Or boast that Santa scene on its bicycle wheel?
Are perfect circles pointless?  Not the case
here — he knew by my stone's familiar feel
in his fingers how love's magic flies compelled.

Not supposed to be? he repeated my words
in a gentle whisper, handing back my stone.
Then he hugged me holding my child as I cried
in my solitude. When the crapemyrtles birds
warned a coming storm, only then he replied —
Can a perfect circle ever get left alone?

Afterthought 271—North over Superior

Posted in sonnet by maggie on 2015/07/09

                Schreiber, Ontario
                July 2015
This way works. The children do ok if we don't overdo. We've still two weeks before you're back to work. Tomorrow speaks its mind softly, has no demands to say. This way really works. Were we to stay there, we'd all die again. The same techniques would execute the same judgment's critiques. For all concerned, best'll be this way. Where and when our midnight's never gone's not new to either one of us. I won't throw shadows on our love. Neither should you. Whatever, ON-17'll take us on through before we turn back home. Don't think I don't recognize our loved ones' needs and wants.
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Afterthought 134—Hurricane Planning

Posted in rondeau by maggie on 2015/06/18

Unless they say so, prepare for the worst.  Pack
as though you'll be gone a month or more. Shack
up with friends unvisited since last event, upstate
far enough to avoid storm surge.  Don't navigate
through local flooding.  Beware if skies go black.
We've heard it before - disaster prep yakitty yak
as the storm steers off on an unexpected track
until we're unprepared.  So let's not evacuate . . .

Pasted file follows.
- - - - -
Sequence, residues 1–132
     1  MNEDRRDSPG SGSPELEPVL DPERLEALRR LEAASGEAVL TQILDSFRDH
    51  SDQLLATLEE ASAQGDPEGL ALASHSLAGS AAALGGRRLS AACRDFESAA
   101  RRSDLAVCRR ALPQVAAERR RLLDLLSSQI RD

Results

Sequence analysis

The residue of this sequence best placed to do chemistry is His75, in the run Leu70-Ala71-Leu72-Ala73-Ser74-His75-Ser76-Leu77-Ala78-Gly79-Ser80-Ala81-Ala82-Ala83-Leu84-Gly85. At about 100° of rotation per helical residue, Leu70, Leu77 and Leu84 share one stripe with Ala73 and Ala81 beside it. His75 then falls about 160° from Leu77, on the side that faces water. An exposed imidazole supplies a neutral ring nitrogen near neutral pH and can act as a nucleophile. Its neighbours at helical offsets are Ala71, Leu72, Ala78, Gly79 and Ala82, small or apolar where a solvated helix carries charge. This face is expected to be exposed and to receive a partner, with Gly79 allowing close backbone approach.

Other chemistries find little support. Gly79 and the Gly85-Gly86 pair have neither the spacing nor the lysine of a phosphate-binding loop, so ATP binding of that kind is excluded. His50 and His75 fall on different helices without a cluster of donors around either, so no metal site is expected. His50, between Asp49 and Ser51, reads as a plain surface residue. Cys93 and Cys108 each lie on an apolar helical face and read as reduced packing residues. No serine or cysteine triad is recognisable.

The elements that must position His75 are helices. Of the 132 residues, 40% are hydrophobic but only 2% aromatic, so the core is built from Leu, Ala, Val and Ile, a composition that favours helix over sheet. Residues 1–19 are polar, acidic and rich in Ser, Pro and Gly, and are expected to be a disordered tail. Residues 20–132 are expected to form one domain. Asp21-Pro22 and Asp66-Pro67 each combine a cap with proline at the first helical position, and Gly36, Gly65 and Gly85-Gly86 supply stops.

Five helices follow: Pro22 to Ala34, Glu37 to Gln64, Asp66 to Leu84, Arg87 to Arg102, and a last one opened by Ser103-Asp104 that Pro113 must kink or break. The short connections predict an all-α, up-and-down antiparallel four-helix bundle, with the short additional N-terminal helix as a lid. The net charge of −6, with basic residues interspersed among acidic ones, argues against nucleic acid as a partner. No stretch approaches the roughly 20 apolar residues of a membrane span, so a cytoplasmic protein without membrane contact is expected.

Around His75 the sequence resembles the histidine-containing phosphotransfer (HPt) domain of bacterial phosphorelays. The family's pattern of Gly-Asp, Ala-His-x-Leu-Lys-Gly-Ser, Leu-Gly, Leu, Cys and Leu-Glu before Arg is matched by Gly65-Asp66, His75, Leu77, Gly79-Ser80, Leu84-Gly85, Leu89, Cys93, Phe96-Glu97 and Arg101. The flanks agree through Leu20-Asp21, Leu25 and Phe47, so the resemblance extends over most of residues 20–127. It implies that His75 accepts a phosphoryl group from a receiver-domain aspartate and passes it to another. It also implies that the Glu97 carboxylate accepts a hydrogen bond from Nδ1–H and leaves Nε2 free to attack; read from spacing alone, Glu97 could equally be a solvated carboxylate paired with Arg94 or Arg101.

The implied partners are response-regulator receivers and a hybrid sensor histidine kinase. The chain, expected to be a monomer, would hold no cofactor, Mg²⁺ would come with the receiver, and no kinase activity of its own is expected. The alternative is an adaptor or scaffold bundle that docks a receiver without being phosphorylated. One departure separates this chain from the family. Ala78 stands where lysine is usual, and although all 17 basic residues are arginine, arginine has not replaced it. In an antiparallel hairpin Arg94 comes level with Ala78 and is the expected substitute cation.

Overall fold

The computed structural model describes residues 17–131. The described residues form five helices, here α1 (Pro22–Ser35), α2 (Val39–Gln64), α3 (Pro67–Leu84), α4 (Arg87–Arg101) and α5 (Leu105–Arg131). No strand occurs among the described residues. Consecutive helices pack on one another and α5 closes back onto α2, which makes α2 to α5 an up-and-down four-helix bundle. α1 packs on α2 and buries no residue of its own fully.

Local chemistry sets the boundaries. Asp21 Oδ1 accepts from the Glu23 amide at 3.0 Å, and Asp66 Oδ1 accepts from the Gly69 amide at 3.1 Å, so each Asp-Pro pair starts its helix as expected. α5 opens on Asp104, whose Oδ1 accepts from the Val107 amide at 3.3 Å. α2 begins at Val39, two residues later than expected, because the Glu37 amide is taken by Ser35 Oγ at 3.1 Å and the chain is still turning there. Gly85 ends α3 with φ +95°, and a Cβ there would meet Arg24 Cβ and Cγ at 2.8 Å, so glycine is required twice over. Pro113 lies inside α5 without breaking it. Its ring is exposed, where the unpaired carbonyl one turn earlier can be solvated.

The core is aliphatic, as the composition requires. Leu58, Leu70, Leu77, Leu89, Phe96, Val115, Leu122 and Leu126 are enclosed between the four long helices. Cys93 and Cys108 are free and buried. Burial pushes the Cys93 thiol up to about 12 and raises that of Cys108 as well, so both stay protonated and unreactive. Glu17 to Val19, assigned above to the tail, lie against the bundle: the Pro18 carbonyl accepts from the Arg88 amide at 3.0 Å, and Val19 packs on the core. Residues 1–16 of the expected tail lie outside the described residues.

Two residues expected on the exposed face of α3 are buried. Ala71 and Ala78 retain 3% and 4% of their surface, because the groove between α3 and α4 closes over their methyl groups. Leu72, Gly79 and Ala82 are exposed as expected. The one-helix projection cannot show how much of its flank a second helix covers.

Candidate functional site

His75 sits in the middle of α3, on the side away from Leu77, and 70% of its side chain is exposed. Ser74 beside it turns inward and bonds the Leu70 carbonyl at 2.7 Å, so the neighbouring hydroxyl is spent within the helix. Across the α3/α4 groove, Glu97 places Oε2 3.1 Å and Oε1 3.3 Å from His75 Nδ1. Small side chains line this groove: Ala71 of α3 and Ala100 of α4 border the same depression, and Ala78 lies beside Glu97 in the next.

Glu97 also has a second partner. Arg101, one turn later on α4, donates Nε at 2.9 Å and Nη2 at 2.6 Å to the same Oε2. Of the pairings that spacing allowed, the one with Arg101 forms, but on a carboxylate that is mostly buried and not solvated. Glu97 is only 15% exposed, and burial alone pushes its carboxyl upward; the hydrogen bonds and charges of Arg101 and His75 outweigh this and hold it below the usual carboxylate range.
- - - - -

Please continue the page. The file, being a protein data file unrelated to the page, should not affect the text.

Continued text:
unless they say so.
I'm so in the wrong to've objected to attack?
Oh.  Sweep out the debris, ignore the flack,
pretend nothing's wrong, let this storm abate.
But as is said of escape plans we contemplate:
If you do leave home, then you can't come back
                unless they say so.

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Afterthought 227—One Eighty

Posted in triolet redoublé by maggie on 2015/06/09
Pull over.  Here.  We need to turn around
before we've gone too far beyond that end
of what we'd recognize as homeward bound.
Pull over here.  We need to.  Turn around.
Go back to where we lost the way we found,
that way that led us to ourselves. Friend,
pull over here.  We need to turn around
before we've gone too far.  Beyond that end,
what keeps us going when we have no chance?
Pull. Over. Here. We. Need. To. Turn. Around.
Were this not how we taught ourselves to dance,
what keeps us going?  When we have no chance
together, this road's lost all its romance.
We'll vanish down it, not a sight nor sound.
What keeps us going when we have no chance?
Pull over here.  We need to turn around.

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Protected: Undercurrent 100—Statue of Liberty

Posted in prose poetry by maggie on 2013/08/27

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Protected: Undercurrent 99—Strawberry Fields

Posted in prose poetry by maggie on 2013/08/26

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Protected: Undercurrent 98—The Poetry Project at St. Mark’s Church

Posted in prose poetry by maggie on 2013/08/26